“It was an awakening. A phoenix rising,” Brock said of the power of the whole. “Many of us have worked in our own individual capacities, mobilizing [during] electoral cycles. But we banded together in this historic moment because we understood the implications and the import of this seminal election in our nation's history.”

Bishop Leah Daughtry has been doing this work for more than 30 years. She serves on the board of the Black women’s political groups Higher Heights and of Power Rising, and she co-founded Black Church PAC, an organization of Black church influencers aiming to leverage the power of the church and its followers, after the 2016 election. This cycle, her organization worked with 3,000 faith leaders across the country to mobilize voters in their communities through everything from virtual concerts to a ten-day get-out-the-vote bus tour through the South.

“It was really important that we supported the sisters on the ground who had been doing the work and who understood the terrain and had been building these coalitions for years,” Daughtry said, “and to not supplant that, but to support it.”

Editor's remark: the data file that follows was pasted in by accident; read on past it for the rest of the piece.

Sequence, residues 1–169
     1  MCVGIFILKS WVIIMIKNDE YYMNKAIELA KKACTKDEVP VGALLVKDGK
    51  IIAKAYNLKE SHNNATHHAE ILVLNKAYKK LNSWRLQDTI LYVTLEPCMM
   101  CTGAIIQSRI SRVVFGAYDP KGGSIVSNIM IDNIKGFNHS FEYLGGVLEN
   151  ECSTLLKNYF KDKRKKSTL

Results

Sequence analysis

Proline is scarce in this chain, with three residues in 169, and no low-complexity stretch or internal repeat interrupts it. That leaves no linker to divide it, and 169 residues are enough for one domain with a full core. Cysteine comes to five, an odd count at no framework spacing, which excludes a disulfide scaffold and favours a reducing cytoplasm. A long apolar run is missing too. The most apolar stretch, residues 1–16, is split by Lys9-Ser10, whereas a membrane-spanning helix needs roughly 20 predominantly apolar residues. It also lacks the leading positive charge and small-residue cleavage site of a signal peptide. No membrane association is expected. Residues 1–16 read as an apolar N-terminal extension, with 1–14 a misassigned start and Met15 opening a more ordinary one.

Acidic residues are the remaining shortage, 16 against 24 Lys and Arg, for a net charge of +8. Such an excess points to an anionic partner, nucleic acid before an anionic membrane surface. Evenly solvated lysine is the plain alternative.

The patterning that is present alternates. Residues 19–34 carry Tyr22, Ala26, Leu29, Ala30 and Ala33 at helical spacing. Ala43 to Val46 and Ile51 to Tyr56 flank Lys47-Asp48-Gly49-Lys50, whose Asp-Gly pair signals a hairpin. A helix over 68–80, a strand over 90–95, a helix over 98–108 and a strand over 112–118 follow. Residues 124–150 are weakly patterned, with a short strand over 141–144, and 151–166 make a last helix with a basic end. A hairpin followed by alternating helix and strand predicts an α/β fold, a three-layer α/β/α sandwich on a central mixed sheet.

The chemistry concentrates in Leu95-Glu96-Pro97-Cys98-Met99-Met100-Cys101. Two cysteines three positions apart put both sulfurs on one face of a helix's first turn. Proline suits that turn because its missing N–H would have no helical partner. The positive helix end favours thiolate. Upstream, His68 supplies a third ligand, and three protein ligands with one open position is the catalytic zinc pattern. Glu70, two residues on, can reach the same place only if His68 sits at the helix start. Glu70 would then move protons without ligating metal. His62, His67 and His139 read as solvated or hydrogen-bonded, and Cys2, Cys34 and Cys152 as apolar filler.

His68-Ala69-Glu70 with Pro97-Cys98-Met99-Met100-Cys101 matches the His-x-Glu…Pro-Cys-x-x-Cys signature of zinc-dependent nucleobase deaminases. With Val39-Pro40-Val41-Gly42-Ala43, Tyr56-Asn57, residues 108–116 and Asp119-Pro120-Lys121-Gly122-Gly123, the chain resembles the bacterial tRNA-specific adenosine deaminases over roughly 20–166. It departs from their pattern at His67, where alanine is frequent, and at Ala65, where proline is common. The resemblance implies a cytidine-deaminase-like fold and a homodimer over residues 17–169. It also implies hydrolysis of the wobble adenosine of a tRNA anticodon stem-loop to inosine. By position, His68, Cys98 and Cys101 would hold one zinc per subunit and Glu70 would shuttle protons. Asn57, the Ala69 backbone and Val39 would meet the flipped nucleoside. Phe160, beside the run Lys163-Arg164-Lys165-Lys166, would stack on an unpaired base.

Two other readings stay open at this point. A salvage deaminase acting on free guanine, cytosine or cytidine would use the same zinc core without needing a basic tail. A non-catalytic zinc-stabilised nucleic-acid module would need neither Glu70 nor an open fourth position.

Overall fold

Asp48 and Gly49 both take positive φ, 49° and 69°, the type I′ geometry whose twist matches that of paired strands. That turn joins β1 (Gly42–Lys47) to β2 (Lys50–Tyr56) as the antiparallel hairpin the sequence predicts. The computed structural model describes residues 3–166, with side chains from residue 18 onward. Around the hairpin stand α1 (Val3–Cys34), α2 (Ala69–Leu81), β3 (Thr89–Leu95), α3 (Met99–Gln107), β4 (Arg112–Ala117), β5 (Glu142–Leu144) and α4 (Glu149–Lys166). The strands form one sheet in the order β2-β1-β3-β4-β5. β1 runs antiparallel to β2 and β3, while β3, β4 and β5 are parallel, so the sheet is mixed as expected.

Daughtry described a network where each group played to its strengths, with The National Coalition on Black Civic Participation and Black Voters Matter focusing on South, and Higher Heights and The Collective PAC lending financial support to candidates. Alongside Win with Black Women, Sisters Lead Sisters Vote, Emerge, Coalition for the People’s Agenda, Fair Fight and others, the groups worked together to maximize their impact. Then when it came time for the Jan. 5 Senate run-offs in Georgia, they did it again.